Ironically, in a village barely eight kilometres from the birthplace of Dr BR Ambedkar, a strong proponent of inter-caste unity, the Dalits in Mhow’s Harsola village are discriminated against by dominant OBC communities that force them to cremate their dead in a separate crematorium.
The dominant OBCs here — Malis, Patidars and Malviyas — prevent the Charmakars (mostly engaged in skinning animals and as cobblers) and the Bhangis (engaged in scavenging) from using the crematorium for performing last rites of people from their community.
Fear of oppression among the Dalits is so profound that they resist even venturing into the crematorium of the upper castes that refer to themselves as members of the ‘Swarna Samaj’ (golden society), a villager said.
Recalling an incident that took place about six months back, the villager said, “Once, members of the Balai community performed last rites of a person in the ‘Swarna Samaj’ crematorium — it became a big issue in the gram panchayat sabha.” The ‘Swarna Samaj’ community opposed the act, and viewed it as a major violation of their culture.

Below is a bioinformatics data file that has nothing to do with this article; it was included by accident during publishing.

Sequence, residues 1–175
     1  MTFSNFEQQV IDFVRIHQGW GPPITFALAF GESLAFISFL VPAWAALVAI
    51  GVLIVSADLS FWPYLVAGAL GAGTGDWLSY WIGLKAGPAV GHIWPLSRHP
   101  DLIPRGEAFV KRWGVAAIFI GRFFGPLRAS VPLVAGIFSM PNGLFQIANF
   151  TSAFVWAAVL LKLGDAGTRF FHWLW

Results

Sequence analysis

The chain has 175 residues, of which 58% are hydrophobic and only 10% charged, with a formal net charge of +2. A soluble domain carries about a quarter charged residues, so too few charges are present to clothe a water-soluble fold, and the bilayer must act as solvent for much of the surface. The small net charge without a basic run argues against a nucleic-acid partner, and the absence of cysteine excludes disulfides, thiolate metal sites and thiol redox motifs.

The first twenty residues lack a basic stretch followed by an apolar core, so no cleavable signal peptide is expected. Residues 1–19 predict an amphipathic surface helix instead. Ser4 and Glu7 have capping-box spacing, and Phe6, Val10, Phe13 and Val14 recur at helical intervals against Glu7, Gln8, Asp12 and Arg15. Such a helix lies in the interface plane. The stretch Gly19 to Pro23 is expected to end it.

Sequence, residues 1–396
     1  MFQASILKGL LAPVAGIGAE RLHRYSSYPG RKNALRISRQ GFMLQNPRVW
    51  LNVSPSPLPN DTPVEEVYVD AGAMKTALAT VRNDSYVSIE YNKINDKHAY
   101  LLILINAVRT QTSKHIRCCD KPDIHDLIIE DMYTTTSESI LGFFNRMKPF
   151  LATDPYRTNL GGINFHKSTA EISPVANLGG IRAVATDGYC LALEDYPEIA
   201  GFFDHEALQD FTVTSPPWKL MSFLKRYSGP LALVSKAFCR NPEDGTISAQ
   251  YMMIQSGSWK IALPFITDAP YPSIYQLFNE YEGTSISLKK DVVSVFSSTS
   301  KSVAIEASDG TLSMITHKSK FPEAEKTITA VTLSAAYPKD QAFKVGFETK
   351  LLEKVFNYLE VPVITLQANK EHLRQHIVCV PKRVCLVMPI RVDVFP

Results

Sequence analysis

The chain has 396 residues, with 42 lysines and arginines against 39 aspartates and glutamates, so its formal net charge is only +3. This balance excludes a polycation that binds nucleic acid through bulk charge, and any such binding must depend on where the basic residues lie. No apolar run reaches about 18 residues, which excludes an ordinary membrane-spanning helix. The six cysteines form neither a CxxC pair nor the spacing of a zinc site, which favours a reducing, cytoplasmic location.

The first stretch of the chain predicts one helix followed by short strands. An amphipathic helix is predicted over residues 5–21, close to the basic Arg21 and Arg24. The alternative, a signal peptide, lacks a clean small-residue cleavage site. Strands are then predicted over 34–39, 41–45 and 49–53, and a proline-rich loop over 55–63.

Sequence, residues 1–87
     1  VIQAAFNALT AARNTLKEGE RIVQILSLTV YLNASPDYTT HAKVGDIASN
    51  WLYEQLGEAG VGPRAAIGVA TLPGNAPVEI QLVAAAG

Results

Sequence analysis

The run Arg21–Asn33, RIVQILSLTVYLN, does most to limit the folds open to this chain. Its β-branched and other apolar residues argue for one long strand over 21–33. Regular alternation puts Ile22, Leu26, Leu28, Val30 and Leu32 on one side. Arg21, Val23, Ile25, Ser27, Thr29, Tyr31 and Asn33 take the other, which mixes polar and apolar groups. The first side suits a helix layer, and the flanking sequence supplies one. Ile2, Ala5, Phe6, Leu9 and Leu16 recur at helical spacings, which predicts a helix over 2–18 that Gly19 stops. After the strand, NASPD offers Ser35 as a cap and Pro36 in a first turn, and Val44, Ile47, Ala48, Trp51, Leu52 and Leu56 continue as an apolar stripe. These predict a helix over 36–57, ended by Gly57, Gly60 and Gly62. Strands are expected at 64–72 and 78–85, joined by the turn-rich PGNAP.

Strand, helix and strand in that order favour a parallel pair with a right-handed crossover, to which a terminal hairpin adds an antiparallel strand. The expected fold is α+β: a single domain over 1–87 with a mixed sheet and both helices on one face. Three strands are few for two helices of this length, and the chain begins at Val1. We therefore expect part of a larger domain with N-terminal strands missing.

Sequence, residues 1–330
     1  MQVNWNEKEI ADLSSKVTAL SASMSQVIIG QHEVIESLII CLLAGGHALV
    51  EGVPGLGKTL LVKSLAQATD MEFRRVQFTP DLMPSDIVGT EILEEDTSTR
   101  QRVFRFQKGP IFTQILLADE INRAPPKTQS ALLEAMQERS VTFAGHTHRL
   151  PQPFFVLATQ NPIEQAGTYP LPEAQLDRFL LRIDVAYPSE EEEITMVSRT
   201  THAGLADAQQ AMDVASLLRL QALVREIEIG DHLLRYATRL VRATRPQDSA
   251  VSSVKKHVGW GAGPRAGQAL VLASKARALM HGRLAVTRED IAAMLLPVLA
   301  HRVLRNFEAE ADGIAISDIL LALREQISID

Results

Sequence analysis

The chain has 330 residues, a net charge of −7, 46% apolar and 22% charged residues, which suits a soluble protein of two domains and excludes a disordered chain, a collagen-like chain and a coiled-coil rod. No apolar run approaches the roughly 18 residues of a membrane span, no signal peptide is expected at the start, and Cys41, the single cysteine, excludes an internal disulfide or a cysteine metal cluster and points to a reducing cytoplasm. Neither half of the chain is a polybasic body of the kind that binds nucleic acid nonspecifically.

The Balais too fall under the Scheduled Castes (SC) but are not as discriminated against as the Charmkar or Bhangi communities because they are one of the dominant groups in the village.
And the discrimination doesn’t end there. The various communities also live in well-demarcated settlements across the village.
Mohan Rao Wakode, secretary of Dr Baba Saheb Ambedkar memorial society in Mhow, accepted that the phenomenon was “widely prevalent”. He recalled that in August 2000, the Charmakars faced stern resistance over performing last rites of their dead in a crematorium in Gawli Palasia. The matter escalated to the extent that the local administration had to impose curfew.